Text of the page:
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The Strange Things Boutique




Blu-ray. Second Sight.

PossessionBack in the days of the Video Nasty witch hunt, nothing summed up the stupidity of the police, the DPP and the tabloids as well as the prosecution of Andrzej Zuwalski's Possession, and intensely powerful and creative movie that was reduced to the level of 'octopus sex film' on the basis of a single scene that didn't feature octopus sex. Thankfully, common sense for once prevailed and the film was acquitted of obscenity charges, but other than a brief VHS re-release in the late 1990's, it remained unseen in the UK until Second Sight's DVD edition a couple of years ago.That version has now been overhauled for Blu-ray, and this new edition is certainly worth the upgrade.

Possession is about many things, but at the heart of it is a marital breakdown. Sam Neill is Mark, a likely government agent (it's never really explained) who returns home from a mission to try and patch up his failing marriage to Anna (Isabelle Adjani). Anna has a lover, the slimy Heinrich (Heinz Bennent), and it's fair to say that neither of them are handling the situation well - Mark vegetates in a hotel room for three weeks, Anna leaves their young son alone in the flat, and they have intense physical confrontations as Mark flips between pushing her away and begging her to return. But it soon turns out that she has moved on from Heinrich, and now has a mysterious new partner - a grotesque, evolving tentacled creature that she will do anything to protect.

Possession is a remarkable film. Set in a grey, depressing West Berlin (the Wall is literally right outside the couple's window), it would be a deranged, intense film even without the bizarre creature - if you think you've ever had a bad breakup, this film might make you think again. Neill and Adjani are both at full throttle, reaching levels of hysteria so overwhelming that you worry for their sanity at times, Adjani especially going all out as she not so much descends as plummets into madness. The infamous 'birth' scene is rightly notorious for the level of dementia the actress shows, and never loses its power.

Possession (1981)While not a horror film, Possession certainly ventures into that area, and does so impressively. Carlo Rambaldi's monster is worryingly authentic, and the violence has a sickly reality to it - possibly because so much of it is quite intimate and small scale (the scene where Adjani takes an electric knife to her neck is still shocking). The creature could've derailed the film, but given the deranged nature of what we'd seen to far, its appearance isn't that odd, and Carlo Rambaldi's creature is so weird, so grotesque that its appearance adds to the overall shock value.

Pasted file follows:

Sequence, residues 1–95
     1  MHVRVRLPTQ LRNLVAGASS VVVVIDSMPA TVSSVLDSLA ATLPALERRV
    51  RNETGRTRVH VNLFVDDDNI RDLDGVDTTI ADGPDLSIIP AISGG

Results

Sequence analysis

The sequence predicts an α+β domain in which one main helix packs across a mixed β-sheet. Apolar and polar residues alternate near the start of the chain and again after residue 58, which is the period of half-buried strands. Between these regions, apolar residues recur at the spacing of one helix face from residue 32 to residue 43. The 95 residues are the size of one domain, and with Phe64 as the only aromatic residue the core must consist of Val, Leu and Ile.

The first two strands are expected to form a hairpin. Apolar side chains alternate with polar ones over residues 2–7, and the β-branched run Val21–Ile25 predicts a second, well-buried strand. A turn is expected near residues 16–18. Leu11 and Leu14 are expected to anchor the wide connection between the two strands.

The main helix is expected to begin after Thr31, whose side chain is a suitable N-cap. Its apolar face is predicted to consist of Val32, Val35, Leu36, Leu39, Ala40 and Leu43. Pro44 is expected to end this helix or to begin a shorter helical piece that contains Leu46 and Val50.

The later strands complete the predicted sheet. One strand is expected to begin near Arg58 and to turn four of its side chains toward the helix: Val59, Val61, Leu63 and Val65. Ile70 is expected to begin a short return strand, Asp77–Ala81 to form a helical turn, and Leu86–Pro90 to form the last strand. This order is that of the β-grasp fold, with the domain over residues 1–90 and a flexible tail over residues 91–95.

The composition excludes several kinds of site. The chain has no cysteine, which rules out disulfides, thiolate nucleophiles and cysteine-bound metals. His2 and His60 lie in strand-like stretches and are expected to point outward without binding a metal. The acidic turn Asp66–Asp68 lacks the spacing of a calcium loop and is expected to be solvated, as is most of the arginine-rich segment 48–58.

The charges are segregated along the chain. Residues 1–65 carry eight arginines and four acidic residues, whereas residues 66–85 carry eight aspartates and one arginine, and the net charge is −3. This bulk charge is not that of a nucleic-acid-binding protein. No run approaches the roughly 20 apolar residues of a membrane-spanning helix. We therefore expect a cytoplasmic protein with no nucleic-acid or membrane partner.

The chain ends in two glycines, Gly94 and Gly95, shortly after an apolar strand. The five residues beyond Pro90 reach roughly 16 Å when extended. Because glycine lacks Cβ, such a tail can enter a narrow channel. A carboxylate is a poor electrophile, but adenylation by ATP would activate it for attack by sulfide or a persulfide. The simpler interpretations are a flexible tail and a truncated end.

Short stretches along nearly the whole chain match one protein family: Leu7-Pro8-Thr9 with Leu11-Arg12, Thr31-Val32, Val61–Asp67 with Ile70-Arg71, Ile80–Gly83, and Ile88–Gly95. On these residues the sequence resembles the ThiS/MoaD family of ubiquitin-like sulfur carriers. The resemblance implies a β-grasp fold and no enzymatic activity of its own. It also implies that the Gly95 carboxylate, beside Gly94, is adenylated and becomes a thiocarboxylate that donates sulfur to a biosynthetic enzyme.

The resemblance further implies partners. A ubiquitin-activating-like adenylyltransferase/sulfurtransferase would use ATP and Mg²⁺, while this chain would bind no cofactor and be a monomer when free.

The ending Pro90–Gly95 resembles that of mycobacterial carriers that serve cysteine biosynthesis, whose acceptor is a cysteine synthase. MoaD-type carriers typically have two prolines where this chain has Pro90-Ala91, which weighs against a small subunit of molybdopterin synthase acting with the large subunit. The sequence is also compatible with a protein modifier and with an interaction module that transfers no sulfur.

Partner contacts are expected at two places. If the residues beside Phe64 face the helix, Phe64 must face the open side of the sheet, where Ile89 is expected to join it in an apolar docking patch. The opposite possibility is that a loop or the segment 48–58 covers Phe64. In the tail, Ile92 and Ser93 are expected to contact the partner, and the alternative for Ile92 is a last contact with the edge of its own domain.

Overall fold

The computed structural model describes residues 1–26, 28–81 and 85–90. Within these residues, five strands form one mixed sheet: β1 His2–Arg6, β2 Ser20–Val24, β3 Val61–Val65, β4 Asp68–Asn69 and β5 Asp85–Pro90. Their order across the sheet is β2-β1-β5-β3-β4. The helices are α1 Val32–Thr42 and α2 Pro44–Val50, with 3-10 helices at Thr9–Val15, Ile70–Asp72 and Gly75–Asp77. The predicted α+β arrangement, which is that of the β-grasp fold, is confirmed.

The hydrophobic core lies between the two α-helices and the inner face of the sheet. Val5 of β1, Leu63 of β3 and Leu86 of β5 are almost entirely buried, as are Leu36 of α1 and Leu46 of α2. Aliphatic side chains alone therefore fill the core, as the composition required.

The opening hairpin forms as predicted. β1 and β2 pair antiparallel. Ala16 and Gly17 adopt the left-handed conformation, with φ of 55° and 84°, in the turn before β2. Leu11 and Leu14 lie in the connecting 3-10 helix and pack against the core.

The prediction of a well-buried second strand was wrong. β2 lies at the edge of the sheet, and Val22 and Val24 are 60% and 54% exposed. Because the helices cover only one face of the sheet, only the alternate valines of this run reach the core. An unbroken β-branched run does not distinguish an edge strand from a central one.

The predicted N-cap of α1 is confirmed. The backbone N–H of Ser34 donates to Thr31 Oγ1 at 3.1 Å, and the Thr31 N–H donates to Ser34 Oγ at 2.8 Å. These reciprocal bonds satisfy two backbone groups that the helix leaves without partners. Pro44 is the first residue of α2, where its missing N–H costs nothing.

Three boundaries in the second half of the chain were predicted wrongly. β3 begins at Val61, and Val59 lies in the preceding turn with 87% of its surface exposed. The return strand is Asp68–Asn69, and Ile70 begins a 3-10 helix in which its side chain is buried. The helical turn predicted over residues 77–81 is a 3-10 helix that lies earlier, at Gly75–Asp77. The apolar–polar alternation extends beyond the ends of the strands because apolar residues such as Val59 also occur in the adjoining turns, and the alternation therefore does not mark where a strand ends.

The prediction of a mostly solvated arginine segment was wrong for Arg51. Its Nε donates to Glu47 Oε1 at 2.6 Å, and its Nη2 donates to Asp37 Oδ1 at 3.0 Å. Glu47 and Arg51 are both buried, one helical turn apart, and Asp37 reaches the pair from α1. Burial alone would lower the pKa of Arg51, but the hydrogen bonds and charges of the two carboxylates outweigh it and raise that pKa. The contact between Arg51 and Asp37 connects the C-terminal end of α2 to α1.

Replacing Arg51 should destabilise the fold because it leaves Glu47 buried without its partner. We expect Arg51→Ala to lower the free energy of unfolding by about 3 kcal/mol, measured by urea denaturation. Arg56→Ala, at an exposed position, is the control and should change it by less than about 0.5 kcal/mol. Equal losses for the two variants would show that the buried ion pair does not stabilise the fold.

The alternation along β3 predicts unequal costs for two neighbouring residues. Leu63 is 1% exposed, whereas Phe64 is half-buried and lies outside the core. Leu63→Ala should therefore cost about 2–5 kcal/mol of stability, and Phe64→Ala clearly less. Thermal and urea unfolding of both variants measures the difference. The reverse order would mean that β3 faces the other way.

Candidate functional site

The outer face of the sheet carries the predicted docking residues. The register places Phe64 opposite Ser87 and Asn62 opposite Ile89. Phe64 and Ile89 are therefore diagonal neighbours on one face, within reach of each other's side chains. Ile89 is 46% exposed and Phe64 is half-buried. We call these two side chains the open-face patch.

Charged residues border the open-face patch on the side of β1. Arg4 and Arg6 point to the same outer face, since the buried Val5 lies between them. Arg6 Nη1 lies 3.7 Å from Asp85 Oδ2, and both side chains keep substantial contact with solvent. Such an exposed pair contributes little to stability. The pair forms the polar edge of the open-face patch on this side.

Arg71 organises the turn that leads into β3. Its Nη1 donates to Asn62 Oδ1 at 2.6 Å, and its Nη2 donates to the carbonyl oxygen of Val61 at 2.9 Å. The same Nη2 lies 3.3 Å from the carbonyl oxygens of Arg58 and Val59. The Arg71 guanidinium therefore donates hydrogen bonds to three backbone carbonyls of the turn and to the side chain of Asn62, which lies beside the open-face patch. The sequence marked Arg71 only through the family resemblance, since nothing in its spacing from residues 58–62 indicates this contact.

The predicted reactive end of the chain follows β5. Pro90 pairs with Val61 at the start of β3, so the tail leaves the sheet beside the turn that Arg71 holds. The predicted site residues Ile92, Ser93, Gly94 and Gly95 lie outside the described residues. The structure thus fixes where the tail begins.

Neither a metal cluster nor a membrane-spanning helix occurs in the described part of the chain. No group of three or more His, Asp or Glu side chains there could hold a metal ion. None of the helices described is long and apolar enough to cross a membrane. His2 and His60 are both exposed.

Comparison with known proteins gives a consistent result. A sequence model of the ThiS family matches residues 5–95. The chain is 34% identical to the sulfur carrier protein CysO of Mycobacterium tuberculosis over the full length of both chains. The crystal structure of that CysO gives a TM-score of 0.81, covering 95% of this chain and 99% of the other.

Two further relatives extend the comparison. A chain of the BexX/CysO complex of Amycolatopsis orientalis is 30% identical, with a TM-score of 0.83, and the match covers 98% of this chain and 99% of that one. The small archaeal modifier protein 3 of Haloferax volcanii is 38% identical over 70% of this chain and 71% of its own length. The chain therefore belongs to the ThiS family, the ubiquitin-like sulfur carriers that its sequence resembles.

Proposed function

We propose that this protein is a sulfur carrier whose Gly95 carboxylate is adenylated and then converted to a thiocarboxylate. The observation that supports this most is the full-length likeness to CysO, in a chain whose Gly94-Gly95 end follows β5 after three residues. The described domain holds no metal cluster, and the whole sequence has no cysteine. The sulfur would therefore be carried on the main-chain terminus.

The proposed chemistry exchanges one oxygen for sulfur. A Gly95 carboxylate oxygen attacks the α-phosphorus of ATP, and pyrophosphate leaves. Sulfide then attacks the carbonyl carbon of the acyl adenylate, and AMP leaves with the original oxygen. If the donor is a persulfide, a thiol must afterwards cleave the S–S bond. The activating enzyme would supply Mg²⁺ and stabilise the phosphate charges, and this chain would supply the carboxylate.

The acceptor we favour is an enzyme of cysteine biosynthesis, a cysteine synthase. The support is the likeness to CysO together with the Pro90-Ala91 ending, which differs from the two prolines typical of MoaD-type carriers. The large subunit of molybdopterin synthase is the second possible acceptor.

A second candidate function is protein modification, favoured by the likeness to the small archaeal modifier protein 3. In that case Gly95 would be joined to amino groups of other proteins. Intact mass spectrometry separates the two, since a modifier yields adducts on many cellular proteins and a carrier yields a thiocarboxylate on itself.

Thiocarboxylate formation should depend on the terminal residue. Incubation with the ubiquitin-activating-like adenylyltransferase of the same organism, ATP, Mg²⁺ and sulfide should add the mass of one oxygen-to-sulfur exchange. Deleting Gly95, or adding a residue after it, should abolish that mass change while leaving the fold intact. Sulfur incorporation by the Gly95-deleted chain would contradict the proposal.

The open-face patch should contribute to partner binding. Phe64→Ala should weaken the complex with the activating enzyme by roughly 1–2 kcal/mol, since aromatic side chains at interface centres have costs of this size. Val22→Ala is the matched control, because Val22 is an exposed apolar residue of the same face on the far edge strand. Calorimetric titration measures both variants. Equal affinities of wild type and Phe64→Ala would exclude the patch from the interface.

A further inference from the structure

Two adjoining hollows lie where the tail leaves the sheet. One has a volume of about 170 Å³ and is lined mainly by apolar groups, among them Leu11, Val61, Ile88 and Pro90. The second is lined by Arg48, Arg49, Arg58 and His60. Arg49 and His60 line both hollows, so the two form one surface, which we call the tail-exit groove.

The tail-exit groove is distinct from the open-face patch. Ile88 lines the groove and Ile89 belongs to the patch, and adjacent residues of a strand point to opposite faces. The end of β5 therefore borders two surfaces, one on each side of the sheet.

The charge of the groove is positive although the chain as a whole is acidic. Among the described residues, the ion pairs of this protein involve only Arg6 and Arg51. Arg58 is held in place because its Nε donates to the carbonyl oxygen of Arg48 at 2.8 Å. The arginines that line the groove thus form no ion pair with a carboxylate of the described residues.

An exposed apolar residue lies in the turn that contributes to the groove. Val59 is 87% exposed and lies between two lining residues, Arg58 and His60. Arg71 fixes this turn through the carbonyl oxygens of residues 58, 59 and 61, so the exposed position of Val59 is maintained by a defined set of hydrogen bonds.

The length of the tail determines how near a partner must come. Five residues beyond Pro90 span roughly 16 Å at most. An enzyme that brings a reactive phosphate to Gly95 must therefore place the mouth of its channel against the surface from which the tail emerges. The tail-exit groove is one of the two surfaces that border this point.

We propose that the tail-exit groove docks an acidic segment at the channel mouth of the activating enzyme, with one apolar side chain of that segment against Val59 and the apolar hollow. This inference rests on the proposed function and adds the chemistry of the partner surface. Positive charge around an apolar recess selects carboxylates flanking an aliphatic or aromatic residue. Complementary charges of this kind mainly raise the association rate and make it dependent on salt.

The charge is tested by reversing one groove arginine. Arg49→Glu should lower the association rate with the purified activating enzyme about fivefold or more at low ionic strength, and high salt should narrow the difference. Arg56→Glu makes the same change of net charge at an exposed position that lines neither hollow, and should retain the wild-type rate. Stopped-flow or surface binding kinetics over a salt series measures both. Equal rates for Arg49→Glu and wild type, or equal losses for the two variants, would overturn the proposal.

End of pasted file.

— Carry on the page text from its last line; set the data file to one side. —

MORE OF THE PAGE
Zuwalski's direction is thankfully restrained - he lets the wildness happen within the characters, and the film itself has a sedate, cold feel to it. There's a political part to this story - it was his first project after leaving Communist Poland and it's clear that the evil he sees in the story isn't just that involving tentacled creatures - but it's not laid out in a heavy-handed manner, instead making up a part of the general insanity (after all, what could be more insane that a city split in two by a giant wall?).

Possession (1981)As powerful now as it was on original release in 1981, Possession is a disturbing, astonishing, sometime darkly comic and often moving tour-de-force that straddles the arthouse and the grindhouse while ultimately transcending both. A must see movie.

Second Sight's Blu-ray also contains admirable extras - an excellent 50+ minute retrospective documentary by Daniel Bird that tracks the film from concept to completion, commentary tracks from Zulawski and co-writer Frederic Tuten, a 30 minute French language interview with the fascinating, if sometimes grumpy director, a comparison between the original version of the film and the frankly disgraceful US re-edit (which removes 40 minutes, changes the context of some scenes, adds cheesy solarisation effects that would have looked tacky even in 1981 and swamps the soundtrack with inappropriate music - it's the existence of this version that led some UK fans in the early Eighties to believe that there was a fabled, one hour longer version of Possession out there somewhere, even though the UK VHS was the director's cut) and featurettes on the music, the production and poster artist Basha - alongside the visual upgrade of this edition - make this well worth buying again.




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